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    Instituto Renacimiento: Unlocking Neurodivergent Kids’ Superpowers

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    What is Neurodivergent? It is Wednesday, 8:20am in Villareal, and the energy is already vibrant in Instituto Renacimiento (iREN). In this bilingual school are welcome children with neurodivergent conditions, as well as those experiencing trauma, anxiety, or depression and who may have faced challenges in in traditional schools.

    Located outside of Tamarindo, this institute was founded in 2019 by Sylvia Barreto Benites, a Paraguayan American teacher who has been living in Costa Rica for years.

    “I am dyslexic, attention deficit and oppositional. School was very difficult for me as a child. Then I had my own kids, and it was even harder for them. We moved in Costa Rica thinking we would find different solutions, but we didn’t. We found the same traditional schools but with less resources. I ended up having to homeschool my own children.

    At the time I was a Spanish teacher, they were so many people coming complaining that they needed services for their children and there were not any. Dealing with a child who is either very brilliant or very behind is difficult in a school with classrooms of 15 – 20 kids.

    I decided at that point that I wanted to do something, I wanted to change the perspective of how we saw neurodivergents as something that’s negative and awful and in the way to something that’s positive and part of the growth of humanity”.

    Celebrating Neurodivergent Kids

    It is estimated that 15 to 20 % of the world’s population exhibits some form of neurodivergence. Yet in most mainstream schools, the potential of neurodivergent children remains overlooked, even though their unique perspectives, sharp creativity, and ability to focus could be of great benefit to our societies.

    In Instituto Renacimiento, the education team truly recognizes the immense value of neurodivergent kids and believes they should never be viewed as burdens but as children with great potential. In fact, iREN is centered on the acceptance and use of individual specialties and strengths rather than attempts to “heal” the children in order to make them fit the norm. The purpose is to create an environment where neurodivergent students are celebrated for their abilities in order to empower them.

    “iREN represents the belief that children who are different, who diverge from the norm have worth and should be invested in, that’s what I believe. Everything we do is for that, the entire system we created is for that”, explains Barreto.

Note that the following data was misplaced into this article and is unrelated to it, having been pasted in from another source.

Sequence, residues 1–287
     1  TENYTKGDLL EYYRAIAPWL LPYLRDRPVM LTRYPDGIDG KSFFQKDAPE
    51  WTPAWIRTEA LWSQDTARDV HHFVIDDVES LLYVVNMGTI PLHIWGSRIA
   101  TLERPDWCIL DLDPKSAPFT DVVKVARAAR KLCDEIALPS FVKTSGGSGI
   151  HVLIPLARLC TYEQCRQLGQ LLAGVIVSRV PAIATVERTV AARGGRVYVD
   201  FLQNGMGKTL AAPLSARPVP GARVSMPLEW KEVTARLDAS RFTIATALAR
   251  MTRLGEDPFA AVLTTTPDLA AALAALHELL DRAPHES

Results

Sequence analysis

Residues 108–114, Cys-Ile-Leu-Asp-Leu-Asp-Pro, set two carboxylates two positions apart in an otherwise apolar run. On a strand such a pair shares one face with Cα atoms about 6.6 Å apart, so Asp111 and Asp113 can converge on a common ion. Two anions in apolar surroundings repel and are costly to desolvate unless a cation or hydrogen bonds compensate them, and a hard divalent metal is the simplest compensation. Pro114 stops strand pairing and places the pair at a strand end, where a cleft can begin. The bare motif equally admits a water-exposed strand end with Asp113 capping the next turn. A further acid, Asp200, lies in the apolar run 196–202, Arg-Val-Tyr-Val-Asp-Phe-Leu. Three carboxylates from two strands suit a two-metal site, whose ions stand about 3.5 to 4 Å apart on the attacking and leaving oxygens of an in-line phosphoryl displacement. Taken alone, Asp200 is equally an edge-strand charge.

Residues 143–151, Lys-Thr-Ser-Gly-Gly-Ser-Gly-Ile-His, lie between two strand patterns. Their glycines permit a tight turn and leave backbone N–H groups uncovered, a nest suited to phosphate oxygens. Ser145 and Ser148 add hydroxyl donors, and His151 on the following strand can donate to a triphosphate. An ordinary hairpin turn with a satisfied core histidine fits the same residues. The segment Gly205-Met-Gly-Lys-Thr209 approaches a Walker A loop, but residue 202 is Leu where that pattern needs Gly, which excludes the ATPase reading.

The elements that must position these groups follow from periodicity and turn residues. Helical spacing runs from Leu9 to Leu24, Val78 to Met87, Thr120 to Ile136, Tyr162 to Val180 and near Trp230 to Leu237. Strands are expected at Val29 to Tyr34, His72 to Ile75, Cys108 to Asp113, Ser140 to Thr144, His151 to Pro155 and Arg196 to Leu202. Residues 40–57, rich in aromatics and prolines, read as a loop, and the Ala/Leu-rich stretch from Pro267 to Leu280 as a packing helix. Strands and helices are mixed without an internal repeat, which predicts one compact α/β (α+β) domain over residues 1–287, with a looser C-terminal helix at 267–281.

A Special Learning Environment

    Instituto Renacimiento diverges from traditional schools by the learning environment it provides. Nestled in a 33-acre eco-park filled with lush canopies and creeks, the school offers an immersive learning experience within nature. Such a unique setting allows students to have access to unconventional activities compared to other schools such as horseback riding every week and ziplining once a year, adding an uplifting dimension to their academic journey.

    Other aspects of the learning environment are very unique. With a deliberate focus on keeping class sizes small, each teacher supervises a maximum of 10 students, guaranteeing personalized attention. Moreover, these classes, filled with students from 3 to 18 years old, are not organized by age but level, allowing a customized learning trajectory for each student, accommodating their unique needs, and maximizing their academic potential.Haut du formulaire

    Stephen French, teacher at iREN, explains: “I used to teach in the US. We had to do one curriculum, it was hard to differentiate between the needs and levels of each student which could be vastly different. Here at iREN, through our small class sizes, we are allowed to have a lot more flexibility. We have a great autonomy in how we teach the material. Here we are encouraged to embrace the neurodiversity of our students and try to use what a lot of people see as a detriment as an advantage”.

    The concept of Instituto Renacimiento extends beyond a mere educational institution; it aims to foster a sense of community. Here, parents are actively involved in the decision-making process alongside their children. Barreto orchestrates regular meetings—approximately 6 to 7 times a year—with parents to share ideas and collectively shape the school’s future. Moreover, children are empowered to voice their opinions through initiatives like the “iREN idea box”, in which they can slip suggestions to enhance the school experience. Children are also welcome to share breakfast every morning with their teachers and parents, providing a pleasant start to the day before classes begin.

    “What is your superpower?”

    Instituto Renacimiento has a revolutionary approach to education for Neurodivergent kids, focusing on social emotional development as much as academic development, implying a deep effort to address the behavioral issues of students.